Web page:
How can tokenization help you meet PCI compliance?

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If your business is under pressure to lock down data storage, especially customer’s sensitive data, it’s likely you’ve been inundated with a stack of options.

When your business accepts payments over the phone, the real concern is that it can infiltrate your systems and leave your organisation exposed to all kinds of threats.

So if you're looking for a method to secure your data, how do you choose? Normally it depends on your organisational priorities. It could be that you're looking to de-scope just a part of your contact centre, or maybe you'd rather eliminate the whole environment.

Recently, tokenization technology has been introduced to the market, and is perfect if you need to eliminate data from entering your networks entirely- with as minimal integration as possible.

However, in many of our conversations we've found that tokenization is commonly mistaken for the security method of encryption.

This is how tokenization actually secures phone payments

Tokenization replaces sensitive payment data with a randomly assigned token and therefore cannot be decoded or reversed. Any non-sensitive data can also be replaced with tokens, but the most common data used with tokenization is often the primary account number (PAN) data or credit card numbers.

In relation to PCI DSS requirements, tokenization enables the reduction of storing plain-text sensitive data in your environment.

The difference between tokenization and encryption

Whereas encryption takes sensitive credit card information and turns it into mostly unrecognisable data to unauthorised people, tokenization systems randomly generate a value to replace the credit card data completely. This makes it virtually impossible to decipher information or even reverse-engineer the token.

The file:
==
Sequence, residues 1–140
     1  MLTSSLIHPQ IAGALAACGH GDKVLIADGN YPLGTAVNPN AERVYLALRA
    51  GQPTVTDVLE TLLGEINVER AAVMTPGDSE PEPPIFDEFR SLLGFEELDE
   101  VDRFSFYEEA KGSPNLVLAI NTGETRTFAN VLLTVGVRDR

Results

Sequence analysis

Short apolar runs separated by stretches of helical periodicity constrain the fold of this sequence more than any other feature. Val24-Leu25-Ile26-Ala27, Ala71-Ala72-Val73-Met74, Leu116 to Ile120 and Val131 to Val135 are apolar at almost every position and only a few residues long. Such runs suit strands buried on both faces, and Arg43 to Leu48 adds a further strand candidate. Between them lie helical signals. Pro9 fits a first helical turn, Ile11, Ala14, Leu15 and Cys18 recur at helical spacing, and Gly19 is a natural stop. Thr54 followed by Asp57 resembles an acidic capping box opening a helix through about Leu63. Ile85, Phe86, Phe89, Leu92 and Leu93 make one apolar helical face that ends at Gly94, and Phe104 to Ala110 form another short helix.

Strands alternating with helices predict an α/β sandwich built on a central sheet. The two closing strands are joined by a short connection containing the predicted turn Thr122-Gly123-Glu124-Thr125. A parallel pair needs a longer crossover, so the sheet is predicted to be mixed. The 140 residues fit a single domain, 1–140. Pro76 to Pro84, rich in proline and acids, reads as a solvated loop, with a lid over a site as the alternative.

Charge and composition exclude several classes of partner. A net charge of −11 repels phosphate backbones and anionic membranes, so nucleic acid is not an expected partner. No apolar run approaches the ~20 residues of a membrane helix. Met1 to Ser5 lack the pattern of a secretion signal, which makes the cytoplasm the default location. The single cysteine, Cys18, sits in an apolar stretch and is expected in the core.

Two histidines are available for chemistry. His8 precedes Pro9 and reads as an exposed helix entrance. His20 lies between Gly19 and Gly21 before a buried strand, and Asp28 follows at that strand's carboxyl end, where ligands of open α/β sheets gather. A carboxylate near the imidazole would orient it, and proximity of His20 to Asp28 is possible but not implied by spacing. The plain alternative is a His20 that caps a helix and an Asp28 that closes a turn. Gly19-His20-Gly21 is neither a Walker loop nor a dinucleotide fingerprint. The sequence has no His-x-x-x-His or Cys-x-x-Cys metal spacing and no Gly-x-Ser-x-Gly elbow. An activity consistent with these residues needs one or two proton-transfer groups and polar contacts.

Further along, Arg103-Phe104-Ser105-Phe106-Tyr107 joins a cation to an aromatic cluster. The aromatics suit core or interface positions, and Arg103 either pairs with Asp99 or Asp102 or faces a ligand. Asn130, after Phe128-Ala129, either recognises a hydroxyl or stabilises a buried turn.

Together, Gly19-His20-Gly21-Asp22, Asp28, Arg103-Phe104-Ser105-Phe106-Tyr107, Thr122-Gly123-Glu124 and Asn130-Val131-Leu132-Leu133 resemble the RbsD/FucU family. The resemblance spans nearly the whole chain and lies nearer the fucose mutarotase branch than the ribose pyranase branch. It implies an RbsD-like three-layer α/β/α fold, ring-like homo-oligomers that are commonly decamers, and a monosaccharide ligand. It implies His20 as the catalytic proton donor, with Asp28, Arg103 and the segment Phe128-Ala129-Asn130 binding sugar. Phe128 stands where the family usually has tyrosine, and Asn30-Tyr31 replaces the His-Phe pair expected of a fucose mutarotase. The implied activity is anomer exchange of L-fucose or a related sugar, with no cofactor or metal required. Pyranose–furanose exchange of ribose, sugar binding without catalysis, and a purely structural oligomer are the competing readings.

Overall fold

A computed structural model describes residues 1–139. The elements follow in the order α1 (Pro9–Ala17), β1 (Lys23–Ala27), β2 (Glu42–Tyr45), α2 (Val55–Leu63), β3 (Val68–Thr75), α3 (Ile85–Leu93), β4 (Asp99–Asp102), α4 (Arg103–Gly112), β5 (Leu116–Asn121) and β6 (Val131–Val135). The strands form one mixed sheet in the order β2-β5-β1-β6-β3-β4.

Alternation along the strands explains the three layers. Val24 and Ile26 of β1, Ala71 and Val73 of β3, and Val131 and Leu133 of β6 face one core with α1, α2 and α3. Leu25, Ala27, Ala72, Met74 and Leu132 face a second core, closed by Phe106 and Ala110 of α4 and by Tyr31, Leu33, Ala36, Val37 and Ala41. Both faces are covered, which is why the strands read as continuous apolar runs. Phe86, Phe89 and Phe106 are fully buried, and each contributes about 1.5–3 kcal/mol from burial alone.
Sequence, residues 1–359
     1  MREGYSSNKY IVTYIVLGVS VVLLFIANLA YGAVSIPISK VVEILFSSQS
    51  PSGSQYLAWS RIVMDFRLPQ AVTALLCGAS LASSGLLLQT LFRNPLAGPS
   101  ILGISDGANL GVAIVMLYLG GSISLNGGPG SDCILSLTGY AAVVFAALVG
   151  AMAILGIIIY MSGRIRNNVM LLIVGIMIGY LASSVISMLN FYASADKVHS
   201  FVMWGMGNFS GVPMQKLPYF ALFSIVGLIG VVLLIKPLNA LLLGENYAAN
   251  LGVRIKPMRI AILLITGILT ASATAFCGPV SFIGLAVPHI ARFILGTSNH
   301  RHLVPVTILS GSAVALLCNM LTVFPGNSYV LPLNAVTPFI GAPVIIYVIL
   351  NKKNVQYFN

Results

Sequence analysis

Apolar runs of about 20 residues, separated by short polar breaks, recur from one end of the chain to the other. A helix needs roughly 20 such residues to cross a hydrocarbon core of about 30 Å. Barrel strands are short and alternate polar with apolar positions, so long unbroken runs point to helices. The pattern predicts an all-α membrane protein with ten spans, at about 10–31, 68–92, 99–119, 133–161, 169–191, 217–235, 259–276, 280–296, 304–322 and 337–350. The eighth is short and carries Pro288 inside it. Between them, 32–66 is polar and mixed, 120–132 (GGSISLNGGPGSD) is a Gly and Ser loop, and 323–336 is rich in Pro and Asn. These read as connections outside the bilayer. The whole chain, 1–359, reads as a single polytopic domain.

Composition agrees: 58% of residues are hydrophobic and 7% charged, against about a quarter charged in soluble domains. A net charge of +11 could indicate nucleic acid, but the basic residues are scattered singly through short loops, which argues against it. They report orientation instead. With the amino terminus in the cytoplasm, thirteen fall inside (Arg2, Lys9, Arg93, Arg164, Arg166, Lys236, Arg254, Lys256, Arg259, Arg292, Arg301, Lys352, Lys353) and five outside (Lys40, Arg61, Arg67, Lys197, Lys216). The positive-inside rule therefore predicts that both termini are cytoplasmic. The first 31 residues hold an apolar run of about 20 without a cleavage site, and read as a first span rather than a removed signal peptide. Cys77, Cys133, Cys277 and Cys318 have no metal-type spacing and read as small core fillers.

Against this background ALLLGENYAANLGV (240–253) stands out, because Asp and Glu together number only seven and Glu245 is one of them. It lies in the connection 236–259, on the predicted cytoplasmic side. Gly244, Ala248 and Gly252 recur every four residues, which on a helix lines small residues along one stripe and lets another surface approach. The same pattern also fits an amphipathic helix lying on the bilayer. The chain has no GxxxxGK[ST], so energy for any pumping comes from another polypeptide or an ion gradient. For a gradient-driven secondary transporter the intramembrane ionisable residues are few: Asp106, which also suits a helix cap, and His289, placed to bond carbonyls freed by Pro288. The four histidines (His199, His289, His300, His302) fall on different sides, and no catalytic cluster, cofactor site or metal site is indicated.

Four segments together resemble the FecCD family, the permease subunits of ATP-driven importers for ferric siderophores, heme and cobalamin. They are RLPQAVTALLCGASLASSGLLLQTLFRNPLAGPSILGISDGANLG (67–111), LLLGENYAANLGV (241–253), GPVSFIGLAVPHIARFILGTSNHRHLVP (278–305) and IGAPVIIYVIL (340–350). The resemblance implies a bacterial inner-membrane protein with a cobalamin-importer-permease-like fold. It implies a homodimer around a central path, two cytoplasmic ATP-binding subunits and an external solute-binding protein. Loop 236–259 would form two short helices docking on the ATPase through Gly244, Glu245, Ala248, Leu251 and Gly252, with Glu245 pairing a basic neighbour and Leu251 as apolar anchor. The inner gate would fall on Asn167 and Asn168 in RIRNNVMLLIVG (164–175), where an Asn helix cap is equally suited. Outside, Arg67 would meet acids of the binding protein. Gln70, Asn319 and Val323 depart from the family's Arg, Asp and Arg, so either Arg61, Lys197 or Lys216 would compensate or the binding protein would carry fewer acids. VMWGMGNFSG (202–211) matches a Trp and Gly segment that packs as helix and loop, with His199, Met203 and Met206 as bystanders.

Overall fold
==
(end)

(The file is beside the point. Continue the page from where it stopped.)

A data vault, usually managed by a third party, is the only means of relating credit card values to their tokens. Typically, the token will retain the last four digits of the card so it can be accurately matched with the credit card owner.

If this system is correctly implemented, it enables you to continue to take web and mobile payments, but without sensitive information in your environment. This helps to ensure your PCI compliance.

What does a token look like?

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Doesn't my PSP already do that?
Your PSP's may provide a token – but the original card number must be presented initially for the process. This means to be completely compliant, the tokenization solution must have a way to protect the original cardholder data before it is tokenized.

Audio tokenization is able to secure this risky area, and keeps your systems entirely out of scope. When customers make payments using their telephone keypads, Audio Tokenization converts the sensitive card digits to tokenized non-sensitive digits.

Using Audio Tokenization to Reduce PCI DSS Compliance Scope

In PCI DSS, audio tokenization replaces the sensitive PAN with non-sensitive tokens. This revolutionary payment technology eliminates cardholder data from payments made over the phone and this itself is an obvious benefit compared to other PCI DSS compliance solutions. The primary benefit being that it preserves the value of cardholder data for merchants and service providers; but absolutely useless to criminals if it is compromised or stolen.

We're already providing Tokenization technology for many of our customers. CallGuard with tokenization, enables you to receive telephone payments from customers in a convenient and professional way by removing your entire contact centre from PCI scope whenever you take telephone payments.

Get in touch today to find out more about how tokenization can work for your organisation.


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How can tokenization help you meet PCI compliance?

When your business accepts payments over the phone, the real concern is that it can infiltrate your systems and leave your organisation exposed to all…
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